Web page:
Can two apps join forces to upend TikTok? TikTok did just reach 1B monthly active users, so maybe not. But as they say, if you can’t beat them, join them.
We first met Clash on Product Hunt a year ago. The new app took a creator-first approach to social media. The expectation was that the makers understood what creators wanted more than anyone. Co-founder Jesse Leimgruber is a digital marketer and content strategist, and co-founder Brendon McNerney is a creator and former star on Vine, where he had amassed 700K followers.
Meanwhile, Dom Hofman, founder of Vine, was launching byte, another Vine-esque video app and social network. byte had a strong community from the start, with over 1.3 million downloads during the first week of its launch. But TikTok had simply grown too large by that point. Ryan Hoover’s comment on the launch page could have spoken for millions of others:
“Ooh, I've been looking forward to this, although TikTok is already sucking too much of my attention. 😅”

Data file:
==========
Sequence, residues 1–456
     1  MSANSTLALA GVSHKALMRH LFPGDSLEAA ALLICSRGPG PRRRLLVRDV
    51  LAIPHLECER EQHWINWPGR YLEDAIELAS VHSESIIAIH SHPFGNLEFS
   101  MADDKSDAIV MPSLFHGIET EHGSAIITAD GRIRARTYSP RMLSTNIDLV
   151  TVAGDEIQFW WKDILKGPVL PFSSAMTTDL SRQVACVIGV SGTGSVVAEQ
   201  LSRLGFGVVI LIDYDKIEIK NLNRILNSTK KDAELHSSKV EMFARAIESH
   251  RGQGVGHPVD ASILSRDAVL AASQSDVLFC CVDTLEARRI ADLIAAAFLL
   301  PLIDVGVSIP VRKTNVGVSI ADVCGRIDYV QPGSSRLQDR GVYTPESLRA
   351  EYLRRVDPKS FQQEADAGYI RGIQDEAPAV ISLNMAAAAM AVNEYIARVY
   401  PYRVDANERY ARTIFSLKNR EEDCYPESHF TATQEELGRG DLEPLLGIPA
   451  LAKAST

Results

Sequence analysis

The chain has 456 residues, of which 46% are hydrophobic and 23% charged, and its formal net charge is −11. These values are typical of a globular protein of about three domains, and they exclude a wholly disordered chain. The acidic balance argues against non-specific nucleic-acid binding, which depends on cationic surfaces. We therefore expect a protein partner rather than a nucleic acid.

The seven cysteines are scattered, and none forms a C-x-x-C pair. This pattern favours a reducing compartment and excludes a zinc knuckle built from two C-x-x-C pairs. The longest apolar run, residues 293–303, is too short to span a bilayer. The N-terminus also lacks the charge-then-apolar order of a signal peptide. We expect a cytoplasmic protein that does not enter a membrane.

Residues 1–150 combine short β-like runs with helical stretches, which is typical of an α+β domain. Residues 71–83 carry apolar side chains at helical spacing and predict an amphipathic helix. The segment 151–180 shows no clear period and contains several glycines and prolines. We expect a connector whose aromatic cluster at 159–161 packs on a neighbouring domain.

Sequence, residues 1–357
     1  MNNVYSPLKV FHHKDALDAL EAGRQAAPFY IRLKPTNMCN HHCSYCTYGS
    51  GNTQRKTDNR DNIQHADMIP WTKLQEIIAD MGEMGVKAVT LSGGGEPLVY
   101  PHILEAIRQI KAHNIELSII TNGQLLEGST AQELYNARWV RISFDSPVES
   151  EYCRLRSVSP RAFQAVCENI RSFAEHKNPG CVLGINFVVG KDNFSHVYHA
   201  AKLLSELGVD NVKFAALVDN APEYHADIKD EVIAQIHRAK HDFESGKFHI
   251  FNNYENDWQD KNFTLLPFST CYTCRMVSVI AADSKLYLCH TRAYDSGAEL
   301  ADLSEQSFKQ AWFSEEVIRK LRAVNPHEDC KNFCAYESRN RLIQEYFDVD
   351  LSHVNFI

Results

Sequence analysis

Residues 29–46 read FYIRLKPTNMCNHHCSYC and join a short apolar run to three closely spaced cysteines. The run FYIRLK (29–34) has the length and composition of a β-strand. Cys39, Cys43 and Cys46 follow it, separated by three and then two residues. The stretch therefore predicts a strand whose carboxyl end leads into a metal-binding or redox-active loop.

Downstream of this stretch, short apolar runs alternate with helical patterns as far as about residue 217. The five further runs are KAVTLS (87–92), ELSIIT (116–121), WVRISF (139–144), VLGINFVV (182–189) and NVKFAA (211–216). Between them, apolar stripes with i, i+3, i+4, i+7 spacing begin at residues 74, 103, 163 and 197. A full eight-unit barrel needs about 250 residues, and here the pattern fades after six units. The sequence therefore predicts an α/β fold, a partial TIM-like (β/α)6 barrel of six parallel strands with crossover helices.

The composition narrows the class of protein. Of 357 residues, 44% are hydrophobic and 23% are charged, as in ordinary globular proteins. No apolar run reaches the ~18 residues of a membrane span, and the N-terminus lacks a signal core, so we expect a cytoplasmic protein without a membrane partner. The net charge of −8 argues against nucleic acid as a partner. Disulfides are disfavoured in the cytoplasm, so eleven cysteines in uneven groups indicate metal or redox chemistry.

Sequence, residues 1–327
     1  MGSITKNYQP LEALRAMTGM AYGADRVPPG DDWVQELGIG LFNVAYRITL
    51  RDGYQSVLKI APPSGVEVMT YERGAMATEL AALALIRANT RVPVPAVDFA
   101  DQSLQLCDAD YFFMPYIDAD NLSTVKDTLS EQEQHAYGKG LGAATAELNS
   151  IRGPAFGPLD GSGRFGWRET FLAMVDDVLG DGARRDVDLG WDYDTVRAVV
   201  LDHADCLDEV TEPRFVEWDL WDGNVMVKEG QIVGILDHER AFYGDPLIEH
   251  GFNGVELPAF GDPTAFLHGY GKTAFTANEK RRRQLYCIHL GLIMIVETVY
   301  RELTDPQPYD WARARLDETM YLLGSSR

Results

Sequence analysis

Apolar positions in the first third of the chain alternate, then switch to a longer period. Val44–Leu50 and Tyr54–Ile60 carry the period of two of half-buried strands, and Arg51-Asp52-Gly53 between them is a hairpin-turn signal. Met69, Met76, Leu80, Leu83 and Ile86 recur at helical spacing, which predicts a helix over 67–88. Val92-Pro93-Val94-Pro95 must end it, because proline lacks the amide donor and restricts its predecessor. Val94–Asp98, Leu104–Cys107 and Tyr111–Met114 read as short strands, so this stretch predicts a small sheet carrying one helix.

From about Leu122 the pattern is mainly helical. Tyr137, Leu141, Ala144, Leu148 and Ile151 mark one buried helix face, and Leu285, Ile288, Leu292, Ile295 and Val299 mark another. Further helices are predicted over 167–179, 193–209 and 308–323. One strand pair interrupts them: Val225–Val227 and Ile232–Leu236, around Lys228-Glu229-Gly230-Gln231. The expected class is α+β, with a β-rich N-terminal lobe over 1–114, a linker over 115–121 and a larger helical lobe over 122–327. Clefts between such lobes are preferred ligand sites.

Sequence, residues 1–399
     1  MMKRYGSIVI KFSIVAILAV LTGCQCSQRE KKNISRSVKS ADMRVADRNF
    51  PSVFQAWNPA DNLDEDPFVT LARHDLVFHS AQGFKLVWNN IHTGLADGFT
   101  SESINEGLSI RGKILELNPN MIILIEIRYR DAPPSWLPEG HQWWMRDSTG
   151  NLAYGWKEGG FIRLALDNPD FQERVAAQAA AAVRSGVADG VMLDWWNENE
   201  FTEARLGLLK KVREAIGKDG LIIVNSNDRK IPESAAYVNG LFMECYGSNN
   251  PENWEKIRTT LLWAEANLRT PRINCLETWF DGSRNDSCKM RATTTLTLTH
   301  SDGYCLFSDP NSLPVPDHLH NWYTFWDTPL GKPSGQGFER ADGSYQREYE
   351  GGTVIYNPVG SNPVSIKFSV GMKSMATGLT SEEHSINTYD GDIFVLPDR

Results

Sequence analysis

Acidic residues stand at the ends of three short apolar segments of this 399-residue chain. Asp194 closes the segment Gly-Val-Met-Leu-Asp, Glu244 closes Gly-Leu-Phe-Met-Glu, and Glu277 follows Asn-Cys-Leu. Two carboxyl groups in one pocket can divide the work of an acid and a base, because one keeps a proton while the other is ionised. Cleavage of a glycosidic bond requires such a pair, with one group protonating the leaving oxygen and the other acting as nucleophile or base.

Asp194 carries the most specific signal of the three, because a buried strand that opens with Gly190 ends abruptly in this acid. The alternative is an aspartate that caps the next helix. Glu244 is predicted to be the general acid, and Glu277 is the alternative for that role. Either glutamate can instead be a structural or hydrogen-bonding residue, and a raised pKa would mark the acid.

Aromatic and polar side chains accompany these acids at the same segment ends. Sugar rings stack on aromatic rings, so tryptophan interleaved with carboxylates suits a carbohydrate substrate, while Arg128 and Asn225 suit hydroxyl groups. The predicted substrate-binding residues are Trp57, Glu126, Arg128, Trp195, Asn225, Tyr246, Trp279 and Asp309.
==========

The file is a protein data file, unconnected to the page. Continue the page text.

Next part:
You know where this is going even if you didn't catch the news. At the beginning of the year, Clash acquired byte for an undisclosed amount. Mr. McNerney told the New York Times it was “more of an I.P. acquisition” to take over byte’s community.
Now Clash App has re-launched today with a larger community, $9.1 million in funding from investors like Alexis Ohanian, and a new focus which is to be a sort of supplement to apps like TikTok. McNerney and Leimgruber expect that creators will grow their fanbase across a host of platforms — Clash is meant to be the place where they manage and monetize them.
With the launch, the makers have made good on the promise they made to the Product Hunt community last year and delivered Drops, a feature where fans can send tokens to creators right in the main feed. Tokens are purchased by fans through the App Store and redeemed at 2,500 ($25), similar to Twitch. Another feature called Fanmail lets fans unlock message sending to creators, who can respond back.
Clash may have pivoted from Goliath (TikTok), but it is still entering a crowded space. We’ve seen plenty of competitors with community management tools start to gain traction — Orbit, Geneva, and just-launched, Kommunity, to name a few.
Clash is worth calling out still. For better or worse, the app skirts feelings of being a SaaS-type tool for creators and is built upon short-form video instead, with fingerprints of the makers’ Vine past.
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